Petway, A. J., Freitas, T. T., Calleja-González, J., Leal, D. M., & Alcaraz, P. E. (2020). Training load and match-play demands in basketball based on competition level: A systematic review. PLoS ONE, 15(3). https://doi.org/10.1371/JOURNAL.PONE.0229212

Reed, C. A., Ford, K. R., Myer, G. D., & Hewett, T. E. (2012). The effects of isolated and integrated “core stability” training on athletic performance measures: a systematic review. Sports Medicine (Auckland, N.Z.), 42(8), 697–706. https://doi.org/10.2165/11633450-000000000-00000

Roman, I. R., Molinuevo, J. S., & Quintana, M. S. (2009). RICYDE. Revista Internacional de Ciencias del Deporte. RICYDE. Revista Internacional de Ciencias Del Deporte, 5(14), 1–10. https://doi.org/10.5232/RICYDE2009.01401

Santos, E. J. A. M., & Janeira, M. A. A. S. (2012). The effects of resistance training on explosive strength indicators in adolescent basketball players. Journal of Strength and Conditioning Research, 26(10), 2641–2647. https://doi.org/10.1519/JSC.0B013E31823F8DD4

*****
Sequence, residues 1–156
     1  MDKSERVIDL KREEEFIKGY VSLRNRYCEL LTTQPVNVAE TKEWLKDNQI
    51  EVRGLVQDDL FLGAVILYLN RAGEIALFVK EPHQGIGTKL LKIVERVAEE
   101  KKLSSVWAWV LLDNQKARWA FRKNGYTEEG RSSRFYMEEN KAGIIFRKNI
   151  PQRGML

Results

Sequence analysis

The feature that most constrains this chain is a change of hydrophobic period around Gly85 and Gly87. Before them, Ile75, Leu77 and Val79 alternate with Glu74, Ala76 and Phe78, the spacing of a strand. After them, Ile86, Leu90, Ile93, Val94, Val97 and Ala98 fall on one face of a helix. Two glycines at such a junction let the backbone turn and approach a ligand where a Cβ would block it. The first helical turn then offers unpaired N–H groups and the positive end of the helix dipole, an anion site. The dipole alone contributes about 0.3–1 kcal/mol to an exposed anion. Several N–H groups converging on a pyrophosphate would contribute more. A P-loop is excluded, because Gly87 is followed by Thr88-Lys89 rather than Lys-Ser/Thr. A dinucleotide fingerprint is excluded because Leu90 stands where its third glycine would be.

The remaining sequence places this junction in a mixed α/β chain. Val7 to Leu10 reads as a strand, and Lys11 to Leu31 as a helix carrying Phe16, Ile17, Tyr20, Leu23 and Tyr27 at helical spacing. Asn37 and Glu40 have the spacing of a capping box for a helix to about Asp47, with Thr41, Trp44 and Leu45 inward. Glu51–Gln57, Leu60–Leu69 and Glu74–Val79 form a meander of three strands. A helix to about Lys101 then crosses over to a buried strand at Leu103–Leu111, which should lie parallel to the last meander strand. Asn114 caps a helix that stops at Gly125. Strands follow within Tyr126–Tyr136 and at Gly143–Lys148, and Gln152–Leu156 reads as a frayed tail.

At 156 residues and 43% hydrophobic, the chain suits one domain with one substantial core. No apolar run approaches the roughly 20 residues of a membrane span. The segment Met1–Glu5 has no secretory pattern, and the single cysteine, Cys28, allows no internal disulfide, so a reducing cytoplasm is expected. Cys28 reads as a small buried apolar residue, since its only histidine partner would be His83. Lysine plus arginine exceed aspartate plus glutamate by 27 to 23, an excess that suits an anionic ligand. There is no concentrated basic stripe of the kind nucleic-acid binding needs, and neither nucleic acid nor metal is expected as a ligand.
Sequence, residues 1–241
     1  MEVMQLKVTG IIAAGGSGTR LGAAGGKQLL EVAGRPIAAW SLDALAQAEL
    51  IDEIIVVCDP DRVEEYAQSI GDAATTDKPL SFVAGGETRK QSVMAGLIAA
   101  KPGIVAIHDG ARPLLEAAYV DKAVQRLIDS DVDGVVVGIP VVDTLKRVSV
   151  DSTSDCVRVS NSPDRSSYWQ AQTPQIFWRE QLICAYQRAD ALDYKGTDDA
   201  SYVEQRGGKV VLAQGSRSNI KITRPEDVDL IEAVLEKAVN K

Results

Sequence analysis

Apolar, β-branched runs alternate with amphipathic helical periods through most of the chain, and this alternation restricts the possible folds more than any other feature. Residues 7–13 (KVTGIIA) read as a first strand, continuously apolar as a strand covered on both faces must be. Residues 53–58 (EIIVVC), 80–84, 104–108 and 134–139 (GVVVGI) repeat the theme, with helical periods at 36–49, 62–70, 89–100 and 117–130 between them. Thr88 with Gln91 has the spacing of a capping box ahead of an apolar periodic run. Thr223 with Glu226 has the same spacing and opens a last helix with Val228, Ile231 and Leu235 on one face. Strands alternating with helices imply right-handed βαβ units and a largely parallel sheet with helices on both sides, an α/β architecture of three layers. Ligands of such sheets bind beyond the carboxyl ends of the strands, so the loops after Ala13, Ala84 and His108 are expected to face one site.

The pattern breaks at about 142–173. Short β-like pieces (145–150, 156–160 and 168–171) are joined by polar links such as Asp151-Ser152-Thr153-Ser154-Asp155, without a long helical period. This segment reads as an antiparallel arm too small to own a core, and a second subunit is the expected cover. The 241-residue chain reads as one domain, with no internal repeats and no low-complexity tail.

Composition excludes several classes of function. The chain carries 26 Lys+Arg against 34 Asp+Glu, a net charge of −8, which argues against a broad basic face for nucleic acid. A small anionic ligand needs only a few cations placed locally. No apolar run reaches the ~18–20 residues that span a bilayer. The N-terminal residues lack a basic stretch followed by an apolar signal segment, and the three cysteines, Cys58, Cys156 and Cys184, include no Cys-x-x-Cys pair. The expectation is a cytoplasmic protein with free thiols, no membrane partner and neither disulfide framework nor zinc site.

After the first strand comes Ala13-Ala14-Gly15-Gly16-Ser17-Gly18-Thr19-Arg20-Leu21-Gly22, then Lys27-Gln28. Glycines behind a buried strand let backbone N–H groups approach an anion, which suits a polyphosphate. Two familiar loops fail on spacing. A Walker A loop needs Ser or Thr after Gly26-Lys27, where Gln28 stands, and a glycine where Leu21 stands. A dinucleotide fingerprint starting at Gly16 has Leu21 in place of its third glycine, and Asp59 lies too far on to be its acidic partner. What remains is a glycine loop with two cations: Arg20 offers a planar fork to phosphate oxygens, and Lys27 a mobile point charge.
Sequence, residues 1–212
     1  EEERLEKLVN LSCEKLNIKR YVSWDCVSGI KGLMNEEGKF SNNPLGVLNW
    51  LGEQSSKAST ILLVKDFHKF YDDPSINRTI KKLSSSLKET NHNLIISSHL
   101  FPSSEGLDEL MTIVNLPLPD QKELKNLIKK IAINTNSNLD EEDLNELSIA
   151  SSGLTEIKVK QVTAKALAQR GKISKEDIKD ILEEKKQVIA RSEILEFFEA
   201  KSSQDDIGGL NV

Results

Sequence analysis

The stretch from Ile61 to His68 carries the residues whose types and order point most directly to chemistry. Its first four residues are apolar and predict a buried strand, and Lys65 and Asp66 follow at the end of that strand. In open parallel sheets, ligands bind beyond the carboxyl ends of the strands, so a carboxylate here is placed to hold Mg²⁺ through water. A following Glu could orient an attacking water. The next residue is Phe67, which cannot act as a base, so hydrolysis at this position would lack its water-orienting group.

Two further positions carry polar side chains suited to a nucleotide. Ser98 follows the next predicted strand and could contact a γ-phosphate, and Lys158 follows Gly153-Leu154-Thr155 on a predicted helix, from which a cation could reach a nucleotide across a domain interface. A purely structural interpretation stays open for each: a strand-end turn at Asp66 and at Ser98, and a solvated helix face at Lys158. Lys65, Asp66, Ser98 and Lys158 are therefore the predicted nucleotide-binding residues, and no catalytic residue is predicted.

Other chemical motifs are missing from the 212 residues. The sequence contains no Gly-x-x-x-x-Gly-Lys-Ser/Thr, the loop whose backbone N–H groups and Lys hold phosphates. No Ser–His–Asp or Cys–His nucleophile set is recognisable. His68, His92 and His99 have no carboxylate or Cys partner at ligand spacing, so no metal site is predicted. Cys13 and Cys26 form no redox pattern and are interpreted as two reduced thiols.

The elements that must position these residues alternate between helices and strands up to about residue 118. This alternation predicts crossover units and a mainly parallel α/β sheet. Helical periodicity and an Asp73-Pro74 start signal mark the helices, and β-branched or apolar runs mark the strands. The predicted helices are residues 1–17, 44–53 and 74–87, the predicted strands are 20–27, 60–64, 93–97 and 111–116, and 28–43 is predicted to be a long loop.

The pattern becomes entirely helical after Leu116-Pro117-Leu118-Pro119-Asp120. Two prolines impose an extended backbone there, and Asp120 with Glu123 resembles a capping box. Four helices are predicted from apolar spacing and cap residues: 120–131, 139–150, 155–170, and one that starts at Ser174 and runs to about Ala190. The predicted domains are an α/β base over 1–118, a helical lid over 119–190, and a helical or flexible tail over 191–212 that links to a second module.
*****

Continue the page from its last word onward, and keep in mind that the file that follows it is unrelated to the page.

Scanlan, A., Dascombe, B., & Reaburn, P. (2011). A comparison of the activity demands of elite and sub-elite Australian men’s basketball competition. Journal of Sports Sciences, 29(11), 1153–1160. https://doi.org/10.1080/02640414.2011.582509

Scanlan, A. T., Dascombe, B. J., Reaburn, P., & Dalbo, V. J. (2012). The physiological and activity demands experienced by Australian female basketball players during competition. Journal of Science and Medicine in Sport, 15(4), 341–347. https://doi.org/10.1016/J.JSAMS.2011.12.008

Stojanović, E., Stojiljković, N., Scanlan, A. T., Dalbo, V. J., Berkelmans, D. M., & Milanović, Z. (2018). The Activity Demands and Physiological Responses Encountered During Basketball Match-Play: A Systematic Review. Sports Medicine, 48(1), 111–135. https://doi.org/10.1007/S40279-017-0794-Z/TABLES/8